NSNotifications in Swift
May 09, 2015

Today we'll build a cute little stock ticker that automatically updates every second. Here's what it'll look like when we're done:

Most of the app is the same as our pull to refresh project with a tableview that displays stock info from the Yahoo financial API. Originally we set it up to update using pull to refresh. Today we'll switch it to automatically update and use NSNotifications to make the data available to the tableview.

This tutorial has been updated for Swift 2.0, Xcode 7, and Alamofire 3.0.0.

Project Setup

Just like last time, we need to set up a project to display the data before we implement updating it:

  • Create a new single view project in Xcode
  • In the storyboard, drag & drop a tableview into the main view for the view controller (or remove the UIViewController and replace it with a UITableViewController)
  • Add a prototype cell to the tableview with the subtitle style and set the reuse identifier to "Cell"
  • Add an [ATS Exception for the API](https://grokswift.com/swift2/)
  • Create a QuoteItem class in a new file with 4 string properties: symbol, yearHigh, yearLow, and ask
  • Add Alamofire & SwiftyJSON to the project
  • Use Alamofire & SwiftyJSON to extend Alamofire.Request and create a function to pull the data from the API and populate an array of CurrentItems (Follow along with Hooking Up a REST API to a UITableView in Swift but adjust the class & variable names as well as the endpoint and JSON parsing or check out the code on GitHub)
  • Fill out the ViewController so with the boilerplate to display an array of items. Don't hook up the call to the Alamofire request, we'll use a notification instead.

If you just want the code, here it is: SwiftNotifications on GitHub or zip.

Sending Notifications

Instead of having the tableview cause the request for new data to be sent, we're going to set up a timer so it automatically requests new data every second. Then it'll send out a notification with the new data. So first, let's set up a class that's responsible for asking for the updates and distributing them, called QuoteUpdater. When it gets created it'll create a timer that calls the getUpdatedQuotes: function every second.

class QuoteUpdater {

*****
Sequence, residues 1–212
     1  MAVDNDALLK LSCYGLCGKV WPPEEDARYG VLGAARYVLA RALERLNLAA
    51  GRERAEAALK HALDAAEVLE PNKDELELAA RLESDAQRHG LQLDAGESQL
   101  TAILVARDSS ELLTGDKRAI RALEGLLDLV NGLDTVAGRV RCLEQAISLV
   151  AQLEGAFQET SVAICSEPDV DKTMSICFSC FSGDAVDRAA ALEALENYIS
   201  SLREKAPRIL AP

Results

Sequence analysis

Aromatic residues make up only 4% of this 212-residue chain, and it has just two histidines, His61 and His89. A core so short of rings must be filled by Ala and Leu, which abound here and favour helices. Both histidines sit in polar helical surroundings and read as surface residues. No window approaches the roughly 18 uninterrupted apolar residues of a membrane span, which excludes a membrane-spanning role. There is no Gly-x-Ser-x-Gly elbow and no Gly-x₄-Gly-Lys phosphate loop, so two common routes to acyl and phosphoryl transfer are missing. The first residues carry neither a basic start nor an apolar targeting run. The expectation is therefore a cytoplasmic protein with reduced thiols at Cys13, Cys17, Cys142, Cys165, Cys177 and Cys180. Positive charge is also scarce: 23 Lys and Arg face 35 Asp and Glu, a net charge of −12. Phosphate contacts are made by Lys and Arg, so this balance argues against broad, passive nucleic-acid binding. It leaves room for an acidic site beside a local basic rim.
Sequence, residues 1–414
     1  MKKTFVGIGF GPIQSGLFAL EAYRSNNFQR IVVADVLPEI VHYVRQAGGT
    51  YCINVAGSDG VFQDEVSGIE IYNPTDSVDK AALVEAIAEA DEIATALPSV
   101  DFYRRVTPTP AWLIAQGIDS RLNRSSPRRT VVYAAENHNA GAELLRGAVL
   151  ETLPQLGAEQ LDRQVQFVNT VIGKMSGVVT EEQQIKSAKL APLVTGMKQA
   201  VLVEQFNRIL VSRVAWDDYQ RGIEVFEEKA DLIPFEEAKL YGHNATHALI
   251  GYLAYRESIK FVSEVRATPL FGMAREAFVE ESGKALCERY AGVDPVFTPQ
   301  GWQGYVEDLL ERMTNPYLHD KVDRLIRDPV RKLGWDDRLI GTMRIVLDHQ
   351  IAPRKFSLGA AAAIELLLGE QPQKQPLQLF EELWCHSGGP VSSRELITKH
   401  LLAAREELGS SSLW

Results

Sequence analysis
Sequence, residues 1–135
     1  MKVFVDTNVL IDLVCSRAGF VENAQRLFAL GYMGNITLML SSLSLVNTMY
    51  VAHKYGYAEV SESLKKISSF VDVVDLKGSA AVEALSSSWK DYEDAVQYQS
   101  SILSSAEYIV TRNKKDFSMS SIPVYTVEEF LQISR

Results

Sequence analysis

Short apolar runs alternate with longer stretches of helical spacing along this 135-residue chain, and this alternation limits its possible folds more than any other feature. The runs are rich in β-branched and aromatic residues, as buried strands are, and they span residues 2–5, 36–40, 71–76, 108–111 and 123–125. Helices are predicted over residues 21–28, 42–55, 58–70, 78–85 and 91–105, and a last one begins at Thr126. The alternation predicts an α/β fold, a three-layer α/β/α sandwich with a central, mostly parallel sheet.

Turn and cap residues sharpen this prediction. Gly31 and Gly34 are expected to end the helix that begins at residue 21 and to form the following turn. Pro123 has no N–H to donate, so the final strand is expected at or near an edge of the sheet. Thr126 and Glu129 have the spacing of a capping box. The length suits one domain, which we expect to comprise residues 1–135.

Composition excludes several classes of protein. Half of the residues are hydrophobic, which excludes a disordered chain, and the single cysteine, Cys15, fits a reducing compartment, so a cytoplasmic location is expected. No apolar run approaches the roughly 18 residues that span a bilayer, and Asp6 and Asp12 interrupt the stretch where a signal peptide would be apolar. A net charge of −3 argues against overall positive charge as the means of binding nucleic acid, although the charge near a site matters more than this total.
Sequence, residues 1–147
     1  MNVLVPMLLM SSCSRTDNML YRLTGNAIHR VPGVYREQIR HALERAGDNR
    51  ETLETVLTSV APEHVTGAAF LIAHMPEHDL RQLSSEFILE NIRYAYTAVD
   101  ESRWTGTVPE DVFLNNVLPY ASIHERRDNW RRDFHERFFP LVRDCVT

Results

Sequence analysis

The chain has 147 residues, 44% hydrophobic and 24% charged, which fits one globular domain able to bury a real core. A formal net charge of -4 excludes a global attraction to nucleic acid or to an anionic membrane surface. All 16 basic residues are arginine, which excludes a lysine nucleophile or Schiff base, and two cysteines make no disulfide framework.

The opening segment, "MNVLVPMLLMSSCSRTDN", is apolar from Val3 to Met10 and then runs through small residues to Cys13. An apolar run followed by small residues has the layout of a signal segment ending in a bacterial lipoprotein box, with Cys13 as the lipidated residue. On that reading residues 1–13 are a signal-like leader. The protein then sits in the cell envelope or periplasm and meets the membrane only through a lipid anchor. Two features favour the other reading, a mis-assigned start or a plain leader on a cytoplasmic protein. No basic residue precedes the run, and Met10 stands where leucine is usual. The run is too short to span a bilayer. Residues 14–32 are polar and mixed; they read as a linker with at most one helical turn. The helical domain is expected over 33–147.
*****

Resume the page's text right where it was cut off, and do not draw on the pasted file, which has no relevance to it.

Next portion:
var timer:NSTimer?
  required init() {
    self.timer = nil // Swift requires values to be set before doing anything 
                     // else with self in init, so we can't set the target in the 
                     // next line without this one first
    self.timer = NSTimer.scheduledTimerWithTimeInterval(INTERVAL_SECONDS, target: self, selector: "getUpdatedQuotes:", userInfo: nil, repeats: true)

If you look closely there's an oddity here. We're setting self.timer to nil then immediately setting it to our timer. That's because we're working in an init function. Swift does init in 2 parts (though you'd never guess it to look at the code). First you have to provide a value for all of the properties. Then you can do other stuff with self. So why can't we just do self.timer = NSTimer…? Because target: self can't be used until all of the properties have values. So we just set the timer to nil, ending the first phase of init, then we can use target: self. Still looks funny to me so I added to a comment to keep myself from deleting self.timer = nil in the future. For convenience (and to avoid spelling errors), we'll use a class method to hold the identifier for the notification:

class func updateNotificationName() -> String {
  return "UpdatedQuotes";

Then we need to implement the getUpdatedQuotes: function. It needs to request the new stock quotes then create a notification to send them out:

dynamic func getUpdatedQuotes(timer: NSTimer!) {
  StockQuoteItem.getFeedItems({ (items, error) in
    if error != nil
      // TODO: add error handling
      let notification = NSNotification(name: QuoteUpdater.updateNotificationName(), object: items)